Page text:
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Introduction to glyphs

Learn about glyphs

Download your Jupyter Notebook

Before moving on, download your accompanying Jupyter Notebook containing explanations and codes in cells that you can run to receive outputs.

The Notebook contains only the code snippets that you can run to get an immersive and interactive experience as well as instant results of the codes alongside the explanations.

Download: Basic-plotting-with-Bokeh.ipynb

Using Bokeh to output figures

Ahead of going into detail on what glyphs are, we first need to know about how Bokeh outputs the figures we draw.

Bokeh can output data to an HTML file, or, if it’s being used with Jupyter Notebook, can output its interactive plots directly into the notebook. This is done with the ‘output_file’ and ‘output_notebook’ functions, respectively.

In the upcoming step, after an introduction to glyphs, we’ll show how to output a figure using both these functions; but then, going forward through this activity, we’ll only be working within a Jupyter Notebook unless otherwise specified.

Glyphs

Glyphs are the ‘basic visual building blocks of Bokeh plots’ [1] and refer to vectorised graphical shapes or markers that are used to represent your data. This includes simple objects that can be categorised into the following:

  • Marker: This refers to shapes like circles, diamonds, triangles, and squares and can be effective for bubble and scatter charts.

For example, the following image shows a series of Bokeh markers:

Glyphs-marker-example.pnClick to enlarge

  • Line: This refers to single, step, and multi-line shapes and can be useful for building line charts.

For example, the following image shows a plot with multiple lines at once:

Screenshot from Jupyter Notebook that shows multiple lines: a red line and blue line. On the top right of the chart there is an edit section where there is a four-way arrow that is highlighted. X-axis from left to right reads: 1, 2, 3, 4, 5, 6. Y-axis from bottom to top reads: 1, 2, 3, 4, 5, 6, 7, 8.Click to enlarge

  • Bar / rectangle: This refers to traditional or stacked bar, column charts, waterfall, or Gantt charts.

In some instances, it could be useful to stack bars on top one another. Here is an example of successive columns being stacked:

Graphic shows an example of a stacked bars chart. Title of the chart is "Fruit counts by year". X-axis from left to right reads: Apples, Pears, Nectarines, Plums, Grapes, Strwaberries. Y-axis from bottom to top reads: 0, 2, 4, 6, 8, 10, 12. There's a legend on top. Blue represents 2015. Pink represenst 2016. Green represents 2017. All bars are vertical with the color blue on the bottom. The color pink on the middle. The color green on top.Click to enlarge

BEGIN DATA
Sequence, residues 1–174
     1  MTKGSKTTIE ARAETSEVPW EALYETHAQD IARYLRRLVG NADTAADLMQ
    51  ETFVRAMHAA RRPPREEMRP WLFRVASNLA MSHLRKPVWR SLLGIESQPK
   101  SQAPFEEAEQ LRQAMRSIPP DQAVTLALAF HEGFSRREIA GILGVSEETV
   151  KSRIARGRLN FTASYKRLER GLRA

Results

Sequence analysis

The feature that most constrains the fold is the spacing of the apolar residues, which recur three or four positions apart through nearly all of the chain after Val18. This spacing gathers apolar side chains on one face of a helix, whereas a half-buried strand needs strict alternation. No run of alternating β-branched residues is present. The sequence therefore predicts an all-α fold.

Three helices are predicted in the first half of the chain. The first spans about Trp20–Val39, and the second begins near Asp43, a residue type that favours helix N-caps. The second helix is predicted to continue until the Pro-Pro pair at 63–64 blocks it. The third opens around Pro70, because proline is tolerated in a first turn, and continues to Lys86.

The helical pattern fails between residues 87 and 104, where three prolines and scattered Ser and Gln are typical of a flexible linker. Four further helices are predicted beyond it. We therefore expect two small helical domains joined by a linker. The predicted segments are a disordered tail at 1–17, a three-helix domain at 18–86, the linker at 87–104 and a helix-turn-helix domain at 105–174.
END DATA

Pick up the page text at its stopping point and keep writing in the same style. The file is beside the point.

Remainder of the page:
Using a basic glyph

Let’s start with a really basic glyph: a square drawn in the middle of a plot. Follow the instructions below to get started.

Step 1

Import the functions we need for plotting the glyph:

Code:

from bokeh.plotting import figure, output_notebook, show

These functions are:

  • figure: This allows you to create a figure of a given size. A figure is a type of Matplotlib axes. Here, the name of the figure is p.
  • output_notebook: This function is called to instruct Bokeh to output its figures inside the Jupyter Notebook.
  • show: After setting up the figure(s), the show function is called to display them.

Step 2

Let’s see all three of these together:

Code:

output_notebook()
p = figure(plot_width=400, plot_height=400)
p. square (0, 0, size=20)

We can call output_notebook() once at the start of our Jupyter Notebook and all further show calls will be displayed inline.

Then, we create a figure. We’ll use some other arguments later on, but for now we just pass in the plot_width and plot_height in pixels.

Step 3

Next, let’s draw a square with the Figure.square method. We pass in the x- and y-coordinates of the square as the first two positional arguments, and set its size as a keyword argument. Notice this is analogous to Matplotlib’s axes plotting methods, like Axes.scatter or Axes.bar.

Finally, we can show the plot like this:

Code:
show(p)

Output:

Screenshot from Jupyter Notebook that shows a blue square in the middle of the plot. On the top right of the chart there is an edit section where there is a four-way arrow that is highlighted. X-axis from left to right reads: -1, -0.5, 0, 0.5, 1. Y-axis from bottom to top reads: -1, -0.5, 0.5, 1. There is one blue square on the cross section of 0(y) and 0(x).Click to enlarge

Take a moment to see how you’re following along in the Jupyter Notebook. On your Jupyter Notebook, try panning around the plot by dragging it.

Notice that the toolbar on the right of the plot also allows you to zoom, reset the plot, and even download it as a static image to your computer!

The output file function

Before moving on, let’s review the output_file function. This is what you would use to output the plot and data into a self-contained HTML file (i.e. when you’re using Bokeh without a Jupyter Notebook).

Step 1

To use HTML output, just import the output_file function:

Code:

from bokeh.plotting import output_file

Step 2

Then, at the start of your file, call output_file(filename); for example:

Code:

output_file("output.html")

When you call the ‘show()’ function, the file will be generated and populated with the HTML, CSS, and Javascript necessary to view and interact with your plot.

Now that you’ve been introduced to glyphs, let’s see how we can use them to plot data.

Did you get it?

So, after you entered the show function, did the command generate an HTML view of your plot?

If yes, how was your experience of interacting with the plot?

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Data Visualisation with Python: Bokeh and Advanced Layouts

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